Swimming au Natural

I looked at my fish tank and sighed deeply, The water was cloudy again. It seemed that no matter what I did, I couldn’t get the water in my big fifty gallon tank to stay clear. I don’t even want to think about the money I spent on filters, chemicals –and fish. I happened to visit a friend who kept fish and saw that he was using a biofilter. Basically, he had a second tank that was a mixture of sand and gravel, and had aquatic plants in it. Water fell via gravity from the main fish tank into the bio tank. Then just one small pump moved the water back into the main tank after it had moved through the soils and roots of the biotank. It took about three weeks for things to settle down, but from that point on I never had tank clarity troubles. Not only that, but my tank setup was more interesting to look at, held more natural plants, and the fish thrived. In essence, the system was better, cheaper and quieter than all of the mechanical filtering methods I tried.

Because of this experience, I was fascinated to see that the scale of a biofilter system had been upgraded to swimming pool scale. A friend of mine posted a link to a company that promoted such pools, and I spent an hour just looking at the different photos of pool system other people have installed in their yards. Regular in-ground pools were converted to the natural type, and people laid out pools to appear as natural swimming holes from the outset. But no matter which approach was used, the finished products were attractive and inviting. At least I think so.

natural poolHere is one of the featured pools from the website. It looks so natural that it’s hard to believe that someone stuck this into their lawn space. But they did, and the result is excellent. By their nature, pardon the pun, they don’t require annual draining or cleansing. They are, for all practical purposes, a part of the local ecosystem and so tolerate both the warm days of summer as well as the icy chill of winter. Many people use their pools as skating rinks in winter.

The pool systems have adjunct benefits. They encourage the local wildlife; birds and animals like the pools, yet insects and problematic life get disposed of with the skimmer systems, so pool owners needn’t worry about providing breeding grounds for mosquitoes and other pests. With no chemicals in the water, bathers needn’t worry about chlorine burning or having to shower after a dip. The water in the pool is just as clear as the water coming through the city water taps. Perhaps even more so because of the reduced need for artificial filtration. Bacteria do all of the work as a natural course of their existence.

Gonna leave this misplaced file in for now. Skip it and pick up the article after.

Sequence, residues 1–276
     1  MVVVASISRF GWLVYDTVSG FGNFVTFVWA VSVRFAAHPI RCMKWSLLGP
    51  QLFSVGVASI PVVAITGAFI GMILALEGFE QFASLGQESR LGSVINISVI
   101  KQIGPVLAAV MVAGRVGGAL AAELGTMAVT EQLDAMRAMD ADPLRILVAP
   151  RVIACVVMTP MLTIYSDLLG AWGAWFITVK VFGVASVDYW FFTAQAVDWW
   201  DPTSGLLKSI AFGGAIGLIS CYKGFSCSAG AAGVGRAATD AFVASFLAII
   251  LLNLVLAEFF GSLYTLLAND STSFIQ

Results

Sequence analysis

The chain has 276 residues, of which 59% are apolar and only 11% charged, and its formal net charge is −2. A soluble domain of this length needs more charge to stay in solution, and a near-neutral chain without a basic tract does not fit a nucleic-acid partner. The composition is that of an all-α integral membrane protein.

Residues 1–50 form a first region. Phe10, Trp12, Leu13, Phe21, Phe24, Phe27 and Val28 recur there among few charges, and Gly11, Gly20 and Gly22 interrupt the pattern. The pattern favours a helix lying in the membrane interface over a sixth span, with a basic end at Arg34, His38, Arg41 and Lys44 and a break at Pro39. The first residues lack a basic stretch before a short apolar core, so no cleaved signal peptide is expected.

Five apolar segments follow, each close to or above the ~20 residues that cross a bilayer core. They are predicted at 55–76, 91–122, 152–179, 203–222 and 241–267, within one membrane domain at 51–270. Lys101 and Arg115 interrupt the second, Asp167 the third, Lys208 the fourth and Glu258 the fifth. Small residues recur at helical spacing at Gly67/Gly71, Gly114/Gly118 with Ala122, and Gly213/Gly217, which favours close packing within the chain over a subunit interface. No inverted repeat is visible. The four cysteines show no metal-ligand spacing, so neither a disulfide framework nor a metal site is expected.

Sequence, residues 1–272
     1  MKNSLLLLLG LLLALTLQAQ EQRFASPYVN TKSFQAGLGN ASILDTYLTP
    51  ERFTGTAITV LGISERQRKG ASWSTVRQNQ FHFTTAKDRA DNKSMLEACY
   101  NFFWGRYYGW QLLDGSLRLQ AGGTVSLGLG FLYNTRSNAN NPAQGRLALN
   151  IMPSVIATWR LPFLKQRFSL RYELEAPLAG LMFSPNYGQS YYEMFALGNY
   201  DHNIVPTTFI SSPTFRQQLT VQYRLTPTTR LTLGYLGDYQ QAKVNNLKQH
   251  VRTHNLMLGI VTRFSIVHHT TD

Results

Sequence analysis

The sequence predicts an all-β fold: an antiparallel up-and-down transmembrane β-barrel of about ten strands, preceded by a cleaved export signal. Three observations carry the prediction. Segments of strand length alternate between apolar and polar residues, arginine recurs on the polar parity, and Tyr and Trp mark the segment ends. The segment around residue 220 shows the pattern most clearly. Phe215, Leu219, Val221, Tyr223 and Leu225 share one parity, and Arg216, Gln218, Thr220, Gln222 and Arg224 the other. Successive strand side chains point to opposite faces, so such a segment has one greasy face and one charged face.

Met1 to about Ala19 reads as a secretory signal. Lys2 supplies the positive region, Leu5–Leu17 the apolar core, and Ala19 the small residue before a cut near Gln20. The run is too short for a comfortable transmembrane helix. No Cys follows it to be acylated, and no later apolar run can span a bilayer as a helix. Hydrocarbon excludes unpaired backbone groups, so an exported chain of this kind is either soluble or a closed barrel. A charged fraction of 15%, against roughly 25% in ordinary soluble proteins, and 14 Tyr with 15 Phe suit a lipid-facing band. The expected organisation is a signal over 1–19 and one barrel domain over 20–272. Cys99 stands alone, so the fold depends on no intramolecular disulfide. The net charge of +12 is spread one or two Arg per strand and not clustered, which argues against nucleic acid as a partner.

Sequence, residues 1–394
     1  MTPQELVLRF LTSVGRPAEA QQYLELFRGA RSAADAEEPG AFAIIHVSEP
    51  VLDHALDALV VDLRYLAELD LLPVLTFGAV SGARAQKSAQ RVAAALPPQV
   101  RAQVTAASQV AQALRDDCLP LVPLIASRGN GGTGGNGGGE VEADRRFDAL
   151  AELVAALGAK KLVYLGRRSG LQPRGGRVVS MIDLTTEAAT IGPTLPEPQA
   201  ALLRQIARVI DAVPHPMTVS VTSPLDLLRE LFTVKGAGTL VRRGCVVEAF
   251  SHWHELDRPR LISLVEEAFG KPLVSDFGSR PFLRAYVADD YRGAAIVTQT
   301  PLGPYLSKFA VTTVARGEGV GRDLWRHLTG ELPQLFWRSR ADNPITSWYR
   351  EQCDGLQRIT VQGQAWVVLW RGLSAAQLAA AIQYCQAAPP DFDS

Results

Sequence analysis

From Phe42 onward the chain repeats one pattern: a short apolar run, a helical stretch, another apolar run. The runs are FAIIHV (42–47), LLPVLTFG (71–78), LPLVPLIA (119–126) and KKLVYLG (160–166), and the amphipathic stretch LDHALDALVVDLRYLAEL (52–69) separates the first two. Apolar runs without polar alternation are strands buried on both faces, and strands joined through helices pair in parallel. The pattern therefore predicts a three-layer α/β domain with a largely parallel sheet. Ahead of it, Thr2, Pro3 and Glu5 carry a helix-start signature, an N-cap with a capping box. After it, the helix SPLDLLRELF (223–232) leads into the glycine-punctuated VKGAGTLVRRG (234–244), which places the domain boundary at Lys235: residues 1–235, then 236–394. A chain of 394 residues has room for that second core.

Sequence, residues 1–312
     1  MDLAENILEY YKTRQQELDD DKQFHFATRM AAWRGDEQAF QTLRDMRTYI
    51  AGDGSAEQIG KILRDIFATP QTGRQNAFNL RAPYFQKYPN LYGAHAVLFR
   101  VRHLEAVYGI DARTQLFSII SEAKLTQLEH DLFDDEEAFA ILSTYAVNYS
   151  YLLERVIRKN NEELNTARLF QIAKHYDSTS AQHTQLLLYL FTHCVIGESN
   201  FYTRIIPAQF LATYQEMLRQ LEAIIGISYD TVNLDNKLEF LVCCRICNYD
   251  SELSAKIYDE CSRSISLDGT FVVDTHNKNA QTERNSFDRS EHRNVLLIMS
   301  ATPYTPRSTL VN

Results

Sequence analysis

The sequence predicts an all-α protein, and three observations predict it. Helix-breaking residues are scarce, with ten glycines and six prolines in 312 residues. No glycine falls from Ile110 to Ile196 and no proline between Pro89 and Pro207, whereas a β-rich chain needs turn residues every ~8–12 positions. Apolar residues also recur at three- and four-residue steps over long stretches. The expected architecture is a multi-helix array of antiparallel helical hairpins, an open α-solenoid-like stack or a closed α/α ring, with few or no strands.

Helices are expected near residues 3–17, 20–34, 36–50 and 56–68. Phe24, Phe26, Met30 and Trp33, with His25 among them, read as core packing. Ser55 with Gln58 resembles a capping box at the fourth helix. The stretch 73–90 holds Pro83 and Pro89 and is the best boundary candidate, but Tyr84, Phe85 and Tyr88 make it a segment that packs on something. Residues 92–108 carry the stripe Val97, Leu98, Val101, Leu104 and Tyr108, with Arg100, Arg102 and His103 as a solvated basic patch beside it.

My old fish tank went from a fishy smelling, loudly humming and buzzing contraption to a combination terrarium and aquarium. I can’t comment on just how well –and simple– the changeover worked on my fishies. Had I not moved into a tiny apartment and passed my tank setup on to a friend, I would still have it as a part of my house. I enjoyed having the fish. But I can easily see myself enjoying a much larger scale of the same operation, albeit one made for me to swim in rather than fish. Although, I don’t think anything says one couldn’t keep fish in their pool as well. The examples I have seen vary in scale, showing that one could accommodate almost any size of pool. Considering that a pool like this can be had for the same money as a regular in-ground pool, it doesn’t take a jury to decide which would be a better approach.

It does take a pool like this about three years to find its balance. That doesn’t mean a lot of fighting, smelly water and algae, it means that it takes three years to establish itself completely, needing only a bit of water plant culling at season’s end to maintain it. The pool should look weathered in and natural within 90 to 120 days. The more time passes, the more everything around accommodates the new situation and embraces it.  The costs of these pools can vary, depending on size and material mostly. A basic pool could be had for as little as eight thousand dollars. But the sky is actually the limit. I was measuring my backyard and trying to imagine what a swimming pond might look like. Fortunately, I have HGTV’s software package that allows anyone to design a house from the slab up, and to landscape the property. So this little guy started pumping out different shapes and ideas right and left. I finally came up with one that appeals to me, and of course it would. I guesstimate that it would cost about $50 thousand bucks and require me to purchase the property behind mine. All in all, it would only take about $120k all together. Riiiight.

But in reasonable bounds and with professional guidance, an attractive and functional pool would be a value raising and utilitarian addition to my home. Of course, that means that it falls into the category that holds solar power, wind turbine power, solar heating and geothermal cooling. The end result, after the greenhouses are added, is an off the grid, independent and mostly self supporting home. I suspect that the closest I will come to independence will be by having my generator automatically taking over home power when the power company lets me down. But the pool idea really does tug at me.